Classes They Have and Have Had: MHS Courses

Milwaukie High School has educated students for over a hundred years. As generations of Mustangs have passed through, the school has gone through changes in many areas, including curriculum. The classes offered are constantly in flux. It took years of changes- changing times, budget cuts and increases, the addition of Milwaukie Academy of the Arts (MAA), the partnership with Sabin-Schellenberg Professional Technical Center -to get where we are today in terms of offered courses. But what do current Mustangs think of the classes they take?

The school’s elective options cover many fields of study, such as visual art, music, world languages, economics, athletics, and more. The school also has access to the Sabin-Schellenberg Professional Technical Center, which offers more career or trade-based classes focusing on everything from coding to forestry to cosmetology. As school counselor Jennifer Krumm said, “we’re very fortunate in this district to have Sabin-Schellenberg, which has funding.” Many students are happy with the courses offered at MHS and Sabin-Schellenberg. Eliza Arnant-Hull, a MAA junior, has an interest in visual art. When asked if any of her classes increased her knowledge of her interests, she replied “Art and Yearbook“. She is in Advanced Art, after taking Art 1-2 and Art 3-4 in the years previous. Austin Hunt, a MAA (and previously MHS) sophomore, had his career path altered by a class he takes. He ended up in the Schellenberg Journalism class, and he is now considering a career path in journalism. “It helped me find out that it was a thing for me. If this (class) wasn’t here, I don’t know what I’d be thinking right now.” Ani Kraus, a MAA junior, is also happy with the classes available to her. She has taken a variety of electives, including Creative Writing, Spanish 1 and 2, and multiple Culinary courses. Her interests of “writing, cooking, and art” are certainly covered in the classes she’s taken.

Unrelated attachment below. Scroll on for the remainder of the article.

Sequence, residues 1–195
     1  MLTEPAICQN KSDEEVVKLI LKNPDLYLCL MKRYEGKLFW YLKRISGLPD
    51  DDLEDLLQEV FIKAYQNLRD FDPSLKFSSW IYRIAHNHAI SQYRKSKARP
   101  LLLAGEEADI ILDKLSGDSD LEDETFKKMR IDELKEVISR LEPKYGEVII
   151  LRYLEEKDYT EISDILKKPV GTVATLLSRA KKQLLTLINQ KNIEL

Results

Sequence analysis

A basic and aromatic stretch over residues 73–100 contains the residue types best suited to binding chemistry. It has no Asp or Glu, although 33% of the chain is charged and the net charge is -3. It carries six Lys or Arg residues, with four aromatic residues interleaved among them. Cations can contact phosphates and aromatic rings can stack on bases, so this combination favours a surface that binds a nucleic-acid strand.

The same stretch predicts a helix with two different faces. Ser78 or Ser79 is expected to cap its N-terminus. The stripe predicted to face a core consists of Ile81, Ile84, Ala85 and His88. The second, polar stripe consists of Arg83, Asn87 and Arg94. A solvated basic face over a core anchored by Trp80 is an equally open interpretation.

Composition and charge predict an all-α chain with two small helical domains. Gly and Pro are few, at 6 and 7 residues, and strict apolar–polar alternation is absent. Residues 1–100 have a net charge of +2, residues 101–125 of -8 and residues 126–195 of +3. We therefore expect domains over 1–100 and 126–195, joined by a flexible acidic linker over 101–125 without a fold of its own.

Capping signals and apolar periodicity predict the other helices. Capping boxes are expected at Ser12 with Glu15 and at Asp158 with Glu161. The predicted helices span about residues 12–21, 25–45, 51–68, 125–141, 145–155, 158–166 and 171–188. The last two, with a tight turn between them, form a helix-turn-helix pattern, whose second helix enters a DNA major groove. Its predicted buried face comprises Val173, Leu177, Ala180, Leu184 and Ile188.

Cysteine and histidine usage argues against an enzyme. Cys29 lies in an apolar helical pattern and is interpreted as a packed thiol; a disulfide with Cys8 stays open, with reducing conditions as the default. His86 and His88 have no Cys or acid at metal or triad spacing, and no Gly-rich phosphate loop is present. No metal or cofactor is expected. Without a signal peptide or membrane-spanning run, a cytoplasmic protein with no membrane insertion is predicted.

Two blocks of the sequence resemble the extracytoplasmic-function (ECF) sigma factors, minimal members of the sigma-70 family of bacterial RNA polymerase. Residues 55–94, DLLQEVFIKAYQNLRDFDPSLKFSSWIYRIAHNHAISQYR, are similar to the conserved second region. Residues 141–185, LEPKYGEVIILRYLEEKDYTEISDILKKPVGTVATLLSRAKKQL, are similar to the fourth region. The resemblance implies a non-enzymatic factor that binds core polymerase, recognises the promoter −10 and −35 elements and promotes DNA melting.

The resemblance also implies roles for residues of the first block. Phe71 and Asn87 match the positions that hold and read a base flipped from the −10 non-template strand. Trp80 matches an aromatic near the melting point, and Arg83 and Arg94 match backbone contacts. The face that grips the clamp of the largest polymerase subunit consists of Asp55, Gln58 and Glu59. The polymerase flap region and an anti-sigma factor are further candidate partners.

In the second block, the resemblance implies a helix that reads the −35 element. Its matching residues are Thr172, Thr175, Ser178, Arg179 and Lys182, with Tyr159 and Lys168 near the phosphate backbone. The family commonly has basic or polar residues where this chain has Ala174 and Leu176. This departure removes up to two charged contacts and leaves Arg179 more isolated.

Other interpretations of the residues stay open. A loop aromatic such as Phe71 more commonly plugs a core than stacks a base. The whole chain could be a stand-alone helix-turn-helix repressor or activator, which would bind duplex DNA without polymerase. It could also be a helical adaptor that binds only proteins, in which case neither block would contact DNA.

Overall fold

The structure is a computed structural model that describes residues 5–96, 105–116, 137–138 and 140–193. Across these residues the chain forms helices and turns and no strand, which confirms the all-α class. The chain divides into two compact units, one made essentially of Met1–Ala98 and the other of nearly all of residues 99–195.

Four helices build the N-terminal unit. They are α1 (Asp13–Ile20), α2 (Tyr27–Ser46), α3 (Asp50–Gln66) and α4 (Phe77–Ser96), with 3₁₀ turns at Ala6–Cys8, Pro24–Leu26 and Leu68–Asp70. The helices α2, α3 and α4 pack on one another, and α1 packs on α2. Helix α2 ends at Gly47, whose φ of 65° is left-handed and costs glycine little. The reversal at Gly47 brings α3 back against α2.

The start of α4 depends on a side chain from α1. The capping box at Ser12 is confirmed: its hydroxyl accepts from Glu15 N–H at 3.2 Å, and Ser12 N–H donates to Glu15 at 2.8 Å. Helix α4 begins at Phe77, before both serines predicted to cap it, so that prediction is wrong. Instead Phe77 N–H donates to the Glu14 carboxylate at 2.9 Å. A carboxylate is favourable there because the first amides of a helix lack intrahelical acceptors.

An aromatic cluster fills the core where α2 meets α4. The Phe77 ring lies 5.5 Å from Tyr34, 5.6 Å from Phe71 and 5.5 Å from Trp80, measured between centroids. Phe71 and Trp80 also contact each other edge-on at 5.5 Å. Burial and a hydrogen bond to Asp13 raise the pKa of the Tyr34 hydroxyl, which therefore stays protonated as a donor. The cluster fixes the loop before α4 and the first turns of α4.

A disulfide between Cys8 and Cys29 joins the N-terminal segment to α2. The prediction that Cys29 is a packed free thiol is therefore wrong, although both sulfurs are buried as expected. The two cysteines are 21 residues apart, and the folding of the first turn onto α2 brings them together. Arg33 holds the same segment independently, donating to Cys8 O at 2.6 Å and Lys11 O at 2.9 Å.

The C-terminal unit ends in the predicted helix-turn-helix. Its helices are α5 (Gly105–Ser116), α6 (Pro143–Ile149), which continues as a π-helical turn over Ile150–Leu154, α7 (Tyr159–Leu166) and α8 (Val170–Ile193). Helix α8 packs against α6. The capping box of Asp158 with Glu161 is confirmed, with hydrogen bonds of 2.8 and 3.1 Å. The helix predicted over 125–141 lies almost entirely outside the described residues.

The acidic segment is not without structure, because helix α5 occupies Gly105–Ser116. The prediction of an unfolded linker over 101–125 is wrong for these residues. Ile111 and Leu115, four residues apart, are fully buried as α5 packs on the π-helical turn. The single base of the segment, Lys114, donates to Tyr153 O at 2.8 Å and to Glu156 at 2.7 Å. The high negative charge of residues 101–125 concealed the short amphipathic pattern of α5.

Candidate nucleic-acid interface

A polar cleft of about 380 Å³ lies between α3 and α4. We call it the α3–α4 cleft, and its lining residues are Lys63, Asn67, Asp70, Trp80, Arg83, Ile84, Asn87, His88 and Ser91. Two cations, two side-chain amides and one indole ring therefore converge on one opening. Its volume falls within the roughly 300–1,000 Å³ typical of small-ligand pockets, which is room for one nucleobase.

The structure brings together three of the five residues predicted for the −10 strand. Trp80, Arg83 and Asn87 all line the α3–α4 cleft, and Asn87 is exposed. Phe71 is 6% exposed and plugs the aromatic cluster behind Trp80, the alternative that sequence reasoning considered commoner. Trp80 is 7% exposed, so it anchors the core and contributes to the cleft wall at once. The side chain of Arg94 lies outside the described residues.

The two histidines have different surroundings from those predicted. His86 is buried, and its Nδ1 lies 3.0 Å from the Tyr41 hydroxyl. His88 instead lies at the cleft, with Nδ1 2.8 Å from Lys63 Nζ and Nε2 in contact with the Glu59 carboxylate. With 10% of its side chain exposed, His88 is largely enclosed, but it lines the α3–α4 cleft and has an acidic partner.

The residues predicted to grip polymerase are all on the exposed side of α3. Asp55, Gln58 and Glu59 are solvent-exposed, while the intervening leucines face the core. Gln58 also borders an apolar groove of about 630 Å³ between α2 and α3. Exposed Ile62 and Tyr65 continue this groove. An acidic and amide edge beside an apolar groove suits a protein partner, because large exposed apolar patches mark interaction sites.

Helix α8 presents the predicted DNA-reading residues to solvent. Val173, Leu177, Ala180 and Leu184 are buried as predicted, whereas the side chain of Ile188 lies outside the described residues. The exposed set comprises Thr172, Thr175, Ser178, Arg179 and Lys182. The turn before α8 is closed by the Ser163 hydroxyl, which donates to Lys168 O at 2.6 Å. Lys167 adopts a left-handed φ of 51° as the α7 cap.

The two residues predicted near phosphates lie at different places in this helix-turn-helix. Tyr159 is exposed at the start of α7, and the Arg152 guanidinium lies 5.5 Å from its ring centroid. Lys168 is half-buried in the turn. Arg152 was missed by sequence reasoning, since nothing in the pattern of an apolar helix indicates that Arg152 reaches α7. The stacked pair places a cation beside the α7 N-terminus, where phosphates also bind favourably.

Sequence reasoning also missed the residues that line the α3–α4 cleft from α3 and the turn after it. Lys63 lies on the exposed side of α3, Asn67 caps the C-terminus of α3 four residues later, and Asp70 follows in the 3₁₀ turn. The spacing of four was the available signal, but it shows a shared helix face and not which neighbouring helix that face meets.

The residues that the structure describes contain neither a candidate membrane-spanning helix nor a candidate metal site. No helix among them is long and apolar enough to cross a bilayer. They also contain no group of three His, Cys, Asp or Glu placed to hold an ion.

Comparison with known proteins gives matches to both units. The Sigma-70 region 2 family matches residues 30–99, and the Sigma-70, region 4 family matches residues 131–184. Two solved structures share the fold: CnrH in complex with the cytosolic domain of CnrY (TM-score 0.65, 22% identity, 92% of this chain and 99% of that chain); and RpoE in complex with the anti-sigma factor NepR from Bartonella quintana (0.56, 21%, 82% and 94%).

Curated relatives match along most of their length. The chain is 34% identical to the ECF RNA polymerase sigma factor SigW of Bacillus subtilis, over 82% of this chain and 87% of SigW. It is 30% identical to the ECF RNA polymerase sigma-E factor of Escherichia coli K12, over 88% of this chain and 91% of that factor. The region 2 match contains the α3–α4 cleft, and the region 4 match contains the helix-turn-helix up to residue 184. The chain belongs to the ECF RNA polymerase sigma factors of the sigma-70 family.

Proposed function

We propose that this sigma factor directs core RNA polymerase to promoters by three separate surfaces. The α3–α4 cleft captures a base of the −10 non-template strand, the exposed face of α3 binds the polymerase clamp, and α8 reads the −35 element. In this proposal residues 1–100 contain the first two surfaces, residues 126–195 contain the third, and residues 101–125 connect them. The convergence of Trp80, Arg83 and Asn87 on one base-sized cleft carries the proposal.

Many classes have been cut, however, to the disdain of both students and teachers. There is only so much funding to be had in the school district, so only so many classes are available. To institute new classes, others must be cut. This is not the fault of the school or district. According to school counselor Ms. Krumm,“If districts don’t get enough federal funding from the state, then they have to cut back on electives and offerings,”. Among those cut over the years are Woodworking, Metalworking, Calligraphy, Personal Finance, Drafting, Jewelry, Business and Street Law, and Home Ec. Many of these options were helpful or interesting to students in previous years. When told of the previous classes, Ani mentioned the applicability of a Personal Finance class. “I think personal finance is pretty important, because being able to handle yourself financially, that’s a skill, it’s something you learn. It’d be pretty cool to learn that in school.” Teachers and faculty also miss the courses. Ms. Moe-Burgener, one of the art teachers at MHS, taught many classes over the years that are now out of use. “I would love to have Calligraphy back.” But she thought very practically on the topic of offered electives. “I think new classes are awesome, and there’s all kinds of different things it would be great to offer, but at the expense of what?” To add new electives, old ones must be taken out. Most recently, Pulse Media, a social-media-based class was added back into the school’s offerings, but at the expense of one of the Art 1-2 classes. The school is, in the end, at the mercy of funding.

The electives will be in flux as long as MHS lives, because interests and ability to have certain classes will change. And what classes do students and faculty wish they had? Ms. Krumm stated “I’m a big mental health promoter, I would like to see classes about well-being or how to take care of yourself.” Ani showed interest in bringing back Woodworking and Metalworking. Eliza mentioned bringing back free periods for juniors. Mrs. Moe-Burgener considered “a seperate just Drawing and Painting class” in place of the combined Art courses. I would love to see a podcast-making course. In the end, there are hundreds of students and dozens of faculty members at MHS that have to agree on classes. Milwaukie High School likely has at least a few classes that will satisfy the wide range of interests and needs of its population.